No, we are not piling on MS this morning -- really. Actually, I think this article makes MS look kind of good. They are addressing the issue and not hiding from it.

If after reading the article, you are feeling a little uneasy, run this:

RootKit Revealer

or try this:

Windows Defender

IBM and Rapport unveil energy efficient processor

IBM and a small California startup named Rapport are producing a small, energy efficient derivative of the Power line of processors that gives enough throughput to handle dense video streams, among other things. Called the Kilocore 1025, it is intended for things like very smart phones, mobile devices in the class of Microsoft's "Origami" appliances and entertainment devices on the order of game consoles.

Each chip has over 1000 8 bit computing structures on the die, arrayed around a Power core. Rapport's "Kilocore" technology and sophisticated energy management may allow a breakthrough in mobile computing. However; every reference to this I have read cautions that without excellent execution in design and marketing, this could simply be another Transmeta. Transmeta's tech was and is very good, but it did not catch on. To date, the company and their breakthrough technology have lost well over half a billion dollars and profitability is still a ways over the horizon, if ever it comes into view.

Still, this is an interesting development and it will be fun to watch IBM fit it into the "real" world.


Unofficial zero-day patches gain corporate support

This one surprised me and probably will surprise you, as well.

As of this morning, there are at least two "third party" patches for the outstanding IE vulnerability, they are gaining acceptance among those who make the decisions about what to install and when in the data center.

With the availability of a perfectly effective workaround (disabling ActiveX controls) I can't see any sense in using that and waiting for Microsoft's precious patching schedule to deliver the official one. The only possibly mitigating factor in this decision is if my users depend on ActiveX for some important functionality. Absent that, I wait for MS.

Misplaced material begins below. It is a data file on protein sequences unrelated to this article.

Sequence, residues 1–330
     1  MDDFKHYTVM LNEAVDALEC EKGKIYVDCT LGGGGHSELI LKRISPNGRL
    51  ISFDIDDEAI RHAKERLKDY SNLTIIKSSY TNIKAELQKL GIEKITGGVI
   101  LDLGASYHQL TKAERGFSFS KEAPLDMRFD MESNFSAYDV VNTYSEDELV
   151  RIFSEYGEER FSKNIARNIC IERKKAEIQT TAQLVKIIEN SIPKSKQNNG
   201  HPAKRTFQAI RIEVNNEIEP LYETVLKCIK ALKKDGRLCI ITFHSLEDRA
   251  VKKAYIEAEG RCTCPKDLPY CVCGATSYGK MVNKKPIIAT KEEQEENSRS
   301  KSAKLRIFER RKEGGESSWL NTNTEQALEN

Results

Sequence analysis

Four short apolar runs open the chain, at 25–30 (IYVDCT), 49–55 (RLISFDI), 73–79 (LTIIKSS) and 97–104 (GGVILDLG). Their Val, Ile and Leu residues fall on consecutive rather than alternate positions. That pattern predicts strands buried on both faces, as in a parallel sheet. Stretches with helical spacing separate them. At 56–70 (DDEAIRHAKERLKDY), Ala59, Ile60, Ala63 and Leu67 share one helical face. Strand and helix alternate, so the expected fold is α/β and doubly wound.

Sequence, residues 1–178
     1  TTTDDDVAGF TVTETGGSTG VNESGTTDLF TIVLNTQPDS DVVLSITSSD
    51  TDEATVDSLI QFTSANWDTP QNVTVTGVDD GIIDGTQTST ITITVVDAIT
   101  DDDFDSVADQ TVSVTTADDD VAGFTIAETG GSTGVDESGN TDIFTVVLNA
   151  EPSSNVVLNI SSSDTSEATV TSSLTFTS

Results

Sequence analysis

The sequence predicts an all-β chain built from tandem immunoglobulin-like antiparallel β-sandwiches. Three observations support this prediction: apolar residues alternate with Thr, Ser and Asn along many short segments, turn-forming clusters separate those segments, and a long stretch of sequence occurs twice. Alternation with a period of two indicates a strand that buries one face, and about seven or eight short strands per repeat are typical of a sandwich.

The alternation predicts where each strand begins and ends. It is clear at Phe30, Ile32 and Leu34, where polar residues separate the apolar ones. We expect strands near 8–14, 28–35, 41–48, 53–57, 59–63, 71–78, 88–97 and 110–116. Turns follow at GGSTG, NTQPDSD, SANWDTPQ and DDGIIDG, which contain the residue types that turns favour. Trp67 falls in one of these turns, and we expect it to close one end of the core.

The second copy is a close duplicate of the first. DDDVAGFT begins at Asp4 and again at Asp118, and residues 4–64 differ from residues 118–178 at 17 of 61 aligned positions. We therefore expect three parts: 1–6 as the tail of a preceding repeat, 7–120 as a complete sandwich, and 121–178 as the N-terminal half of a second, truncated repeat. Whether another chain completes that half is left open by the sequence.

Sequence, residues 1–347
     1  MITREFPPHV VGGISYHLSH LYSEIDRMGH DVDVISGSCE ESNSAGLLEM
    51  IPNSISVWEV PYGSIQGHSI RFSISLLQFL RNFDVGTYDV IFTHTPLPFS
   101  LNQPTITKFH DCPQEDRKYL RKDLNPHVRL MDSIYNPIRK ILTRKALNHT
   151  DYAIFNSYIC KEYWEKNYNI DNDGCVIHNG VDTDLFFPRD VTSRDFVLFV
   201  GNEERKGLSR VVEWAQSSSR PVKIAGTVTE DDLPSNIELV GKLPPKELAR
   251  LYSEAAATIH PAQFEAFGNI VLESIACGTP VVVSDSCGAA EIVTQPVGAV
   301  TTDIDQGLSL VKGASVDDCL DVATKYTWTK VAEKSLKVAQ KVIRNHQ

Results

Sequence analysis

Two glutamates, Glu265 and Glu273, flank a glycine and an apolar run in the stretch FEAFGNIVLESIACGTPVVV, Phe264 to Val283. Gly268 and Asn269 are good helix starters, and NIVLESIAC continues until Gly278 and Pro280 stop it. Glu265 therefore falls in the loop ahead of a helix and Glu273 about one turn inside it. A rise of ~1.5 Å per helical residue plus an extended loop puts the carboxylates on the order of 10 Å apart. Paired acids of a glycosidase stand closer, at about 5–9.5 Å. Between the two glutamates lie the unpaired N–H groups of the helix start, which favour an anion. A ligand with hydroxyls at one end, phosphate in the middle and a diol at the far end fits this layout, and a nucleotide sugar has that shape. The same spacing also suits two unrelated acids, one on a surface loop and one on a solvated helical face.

Perhaps MS should break their schedule and release early. As I don't know the ins and outs of what is happening in Redmond, I can't say for sure whether or not they could successfully do that.

Of course; I can just use Firefox.


People Don't Trust Microsoft

The link will take you to a page in The Inquirer. (I sure link to them a lot, lately, don't I?)

Microsoft came in with the automatic transmission repair guys and roofers in a recent Forrester Research survey for it's "2005 Technology Brand Scorecard". Dell, Apple Computer and Bose came in around the top of the list.

Forrester seems to think this means big trouble for MS down the road, including mass customer defections (assuming something comes along for them to defect to besides Macs, I guess). This agrees with the general conclusion that Linux distros geared toward the desktop, especially Novell/SuSE Linux Enterprise Desktop. (SLED? Wasn't that an insult to a slow car when we were growing up?)

There are other candidates. Ubuntu/Kubuntu GNU/Linux, Sun's Java Desktop System and who knows how many other flavors of *nix wait in the wings. Should Apple drop prices some and become a bit more forthcoming about matters of security, Macs could see a huge jump in share over this, as well.

It's all conjecture, admittedly. Well, that and the IT equivalent of reading tea leaves (counting the flecks of Cheetos adrift in a can of Jolt. No cheating now. Only the ones on the surface count.). Even so, they may be on to something here. Friends, clients and other people with my phone number are expressing exasperation with MS over a variety of matters where those people would have simply written their concerns off as a cost of doing business juat a few months ago.


Hitachi releases 500GB hard drives

It is just a blurb at The Inquirer. No pricing info is given. The basic specs for the drives are there, though, and they're impressive enough without the potential of sticker shock.